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Armless pastime



In June, the Nottingham (England) Evening Post profiled archer Paul Hawthorne, who has won various titles despite losing an arm in a motorcycle accident 15 years ago. Until recently, Hawthorne competed by holding the bow string with a leather strap in his teeth and pulling his head back. But the practice has cost him one tooth after another, and he believes his competitive days are over.

Reach out and taunt someone

According to a July New York Times report, the most creative example of the Philippines' newfound national mania for sending text messages by cell phones comes from Muslim guerrillas at war with government troops in the southern islands. Ever since they uncovered documents that listed army troops' cell-phone numbers, the rebels have extended their hostilities by pecking out insults during lulls in combat.

Top this, Anna Nicole

The sudden January death of wealthy former Kansas stockbroker Marshall Gardiner at age 85 created a constitutional-law crisis when Gardiner's only offspring, Joe, 53, learned that his father's recently acquired 40-year-old bride had been born a male. Ms. J'Noel Gardiner had had her Wisconsin birth certificate changed to reflect her female status; the new document was honored in Kansas City, Mo., where she lives, but not accepted across the state line in Kansas, where she got married. Gardiner said she had disclosed the matter to her husband before their wedding, but Joe said his father was too religious to have accepted such an arrangement. The fate of Marshall's estate is still in the courts.

Withdrawal symptoms

In Reno, Nev., last May, a retired police officer was arrested on suspicion of DUI after he pulled into a gas station and attempted to withdraw money from a pump, as if it were an ATM. The same month, a 24-year-old Ottawa, Ontario, man who was partying with two friends leapt from a roof into a Dumpster and landed seat-first on a nail-studded piece of wood.

Passion for learning

May dispatches in The Times of London and the Daily Telegraph profiled Veronique Jullien's School of Seduction in Paris, which has produced 2,000 graduates since 1995. Typical assignments call for men to pick up strangers and for women to attract admirers by taking no initiative whatsoever. The nine-month curriculum runs about $2,300, but a one-month crash course costs about $1,000. Jullien's most helpful tip: "Everything happens in the first few seconds of contact."

Worth a second look

In May, to forestall a California Health Department crackdown, LaserVue Eye Center (which retains offices in San Francisco and Santa Rosa) sent letters notifying its 2,700 recent surgery patients that it had been reusing its single-use surgical blades after merely rinsing them in water. Investigators found that the company did at least sterilize the blades after every fourth use. Allegedly, LaserVue's Dr. Sanjay Bansal said he continued to use the blades because he wanted to rely on ones he was sure had worked.

Speedy recovery

According to a February New York Times report, recycling in Beijing is relatively efficient because a crew of about 80,000 rural migrants rummages through the city's garbage on a daily basis to pick out anything that could be resold or sent to recycling plants. "We're performing a valuable service for the city," one garbage picker said, "but everyone looks down on us." Another said he now earns almost 20 times as much as he did as a schoolteacher in a rural province, though his income is only about $70 a month. Some workers even make enough money to pay hotels for exclusive rights to their garbage.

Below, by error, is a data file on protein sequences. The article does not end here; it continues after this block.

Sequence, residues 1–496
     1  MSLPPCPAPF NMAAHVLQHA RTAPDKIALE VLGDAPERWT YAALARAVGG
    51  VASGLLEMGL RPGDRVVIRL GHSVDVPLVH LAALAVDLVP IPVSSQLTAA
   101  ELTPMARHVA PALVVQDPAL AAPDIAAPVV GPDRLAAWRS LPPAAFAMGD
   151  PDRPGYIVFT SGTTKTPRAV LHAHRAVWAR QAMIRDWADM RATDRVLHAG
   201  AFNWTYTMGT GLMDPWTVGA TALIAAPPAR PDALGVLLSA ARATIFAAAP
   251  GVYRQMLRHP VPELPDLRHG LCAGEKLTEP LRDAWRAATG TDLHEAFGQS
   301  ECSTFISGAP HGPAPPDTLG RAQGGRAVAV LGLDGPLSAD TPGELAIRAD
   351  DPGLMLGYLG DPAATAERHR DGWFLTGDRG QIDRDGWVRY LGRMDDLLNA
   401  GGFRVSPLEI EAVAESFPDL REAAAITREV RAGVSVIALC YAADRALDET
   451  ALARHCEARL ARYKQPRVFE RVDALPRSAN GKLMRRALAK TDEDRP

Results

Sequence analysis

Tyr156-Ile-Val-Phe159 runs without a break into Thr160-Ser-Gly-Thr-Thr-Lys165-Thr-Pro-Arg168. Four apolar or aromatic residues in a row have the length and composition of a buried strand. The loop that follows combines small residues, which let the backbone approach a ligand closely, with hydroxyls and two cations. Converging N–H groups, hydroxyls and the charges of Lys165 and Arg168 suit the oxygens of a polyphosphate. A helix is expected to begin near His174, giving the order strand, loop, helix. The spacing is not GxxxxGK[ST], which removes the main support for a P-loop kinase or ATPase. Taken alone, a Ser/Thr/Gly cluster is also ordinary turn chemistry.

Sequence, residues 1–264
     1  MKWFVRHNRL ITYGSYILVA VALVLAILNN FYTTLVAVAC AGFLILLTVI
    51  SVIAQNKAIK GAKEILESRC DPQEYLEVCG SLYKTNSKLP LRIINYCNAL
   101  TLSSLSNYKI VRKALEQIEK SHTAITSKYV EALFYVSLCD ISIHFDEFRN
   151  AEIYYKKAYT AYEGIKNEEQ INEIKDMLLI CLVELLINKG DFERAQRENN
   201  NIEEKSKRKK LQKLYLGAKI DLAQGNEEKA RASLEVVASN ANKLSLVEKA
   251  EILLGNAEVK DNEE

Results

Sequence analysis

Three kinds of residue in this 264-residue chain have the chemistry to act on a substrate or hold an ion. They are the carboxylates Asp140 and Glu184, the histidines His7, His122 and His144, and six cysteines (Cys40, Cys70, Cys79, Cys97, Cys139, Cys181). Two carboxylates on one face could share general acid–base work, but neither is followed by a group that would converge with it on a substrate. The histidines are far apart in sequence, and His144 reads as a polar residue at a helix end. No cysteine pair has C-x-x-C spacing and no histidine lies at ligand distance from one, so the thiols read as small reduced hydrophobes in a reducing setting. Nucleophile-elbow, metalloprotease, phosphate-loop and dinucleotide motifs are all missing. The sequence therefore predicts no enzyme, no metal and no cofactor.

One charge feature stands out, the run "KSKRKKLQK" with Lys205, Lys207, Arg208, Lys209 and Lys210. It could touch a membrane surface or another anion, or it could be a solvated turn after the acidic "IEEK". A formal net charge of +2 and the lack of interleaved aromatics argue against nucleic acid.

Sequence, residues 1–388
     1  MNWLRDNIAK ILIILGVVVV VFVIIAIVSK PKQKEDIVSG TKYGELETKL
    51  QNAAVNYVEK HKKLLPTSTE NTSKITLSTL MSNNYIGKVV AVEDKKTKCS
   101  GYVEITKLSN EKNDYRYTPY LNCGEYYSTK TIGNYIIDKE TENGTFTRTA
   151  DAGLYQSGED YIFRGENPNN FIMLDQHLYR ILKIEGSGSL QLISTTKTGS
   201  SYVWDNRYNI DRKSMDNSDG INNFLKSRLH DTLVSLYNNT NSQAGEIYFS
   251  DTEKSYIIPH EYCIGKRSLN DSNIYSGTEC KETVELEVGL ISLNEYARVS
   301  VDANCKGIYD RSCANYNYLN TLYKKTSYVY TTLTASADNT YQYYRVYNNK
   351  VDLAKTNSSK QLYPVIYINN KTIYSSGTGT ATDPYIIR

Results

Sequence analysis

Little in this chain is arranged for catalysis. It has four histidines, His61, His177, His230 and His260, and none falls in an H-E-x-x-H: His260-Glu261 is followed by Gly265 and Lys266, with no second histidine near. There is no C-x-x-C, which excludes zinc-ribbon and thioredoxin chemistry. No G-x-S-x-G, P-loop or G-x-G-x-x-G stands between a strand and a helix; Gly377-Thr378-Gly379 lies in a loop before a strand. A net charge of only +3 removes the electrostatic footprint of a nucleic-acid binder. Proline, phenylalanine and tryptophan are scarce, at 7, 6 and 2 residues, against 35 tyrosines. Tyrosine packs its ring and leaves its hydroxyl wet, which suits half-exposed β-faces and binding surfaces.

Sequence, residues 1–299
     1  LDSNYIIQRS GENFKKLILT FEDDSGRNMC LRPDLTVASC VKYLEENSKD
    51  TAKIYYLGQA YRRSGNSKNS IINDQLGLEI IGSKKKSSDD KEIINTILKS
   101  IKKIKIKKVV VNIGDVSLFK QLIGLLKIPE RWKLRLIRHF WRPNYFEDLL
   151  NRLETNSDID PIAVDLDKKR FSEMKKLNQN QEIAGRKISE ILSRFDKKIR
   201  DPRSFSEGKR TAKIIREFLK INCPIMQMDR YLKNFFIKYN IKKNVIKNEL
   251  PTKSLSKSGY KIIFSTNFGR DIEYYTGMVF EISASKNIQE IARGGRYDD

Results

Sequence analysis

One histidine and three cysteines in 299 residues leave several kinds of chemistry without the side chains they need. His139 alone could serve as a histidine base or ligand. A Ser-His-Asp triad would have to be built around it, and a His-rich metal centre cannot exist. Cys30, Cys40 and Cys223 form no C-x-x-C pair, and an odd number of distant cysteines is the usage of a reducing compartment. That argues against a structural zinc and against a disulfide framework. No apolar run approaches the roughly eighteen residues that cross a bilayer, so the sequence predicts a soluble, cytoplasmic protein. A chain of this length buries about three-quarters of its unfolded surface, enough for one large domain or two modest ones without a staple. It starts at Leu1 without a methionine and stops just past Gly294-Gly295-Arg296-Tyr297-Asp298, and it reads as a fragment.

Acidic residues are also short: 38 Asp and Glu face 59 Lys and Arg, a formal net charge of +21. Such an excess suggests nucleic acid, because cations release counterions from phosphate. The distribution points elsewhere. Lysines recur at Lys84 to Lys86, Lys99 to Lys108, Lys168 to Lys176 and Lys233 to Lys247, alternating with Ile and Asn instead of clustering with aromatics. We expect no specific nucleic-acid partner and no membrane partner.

Personal shoplifters

In May, two boys, ages 15 and 16, were charged in West Bend, Wis., with forming a startup business that took customers' merchandise orders and fulfilled them by shoplifting from local stores, mostly Wal-Mart. The boys carried business cards and order forms for their company, Globex, whose mission statement was, "To provide you with the things that you need at the cost you deserve."

Access all areas

In March, a court in Osaka, Japan, squelched the brilliant software creation of Takuya Kiuchi, 33, whose program forever removes the digital blurring that soft-pornographic web sites use to hide genitals from nonintended viewers. And in June, John Young, operator of a private web site on national security issues, discovered that he could download (from The New York Times web site) the original CIA report on the 1953 Iranian coup before the black censor bars could appear and hide classified parts of the report. Young's clean version of the report went onto his own site, but the CIA said it has figured out how to correct the problem.

Making new friends on line

Police in El Cerrito, Calif., arrested David Hill, 18, in April for carjacking. According to police, his selected victim was a man he had met earlier in the day in the driver's-license line at the Department of Motor Vehicles. To finger the culprit, the victim merely returned to the DMV office and selected the carjacker's photo from among that day's applications. And Joey Donnel Simmons, 29, was sentenced to 30 years in prison by a Houston judge in March for the armed robbery of taxi drivers. Simmons came to the attention of police when he and his accomplice walked into a station house to ask about the reward posted for the thieves' capture.

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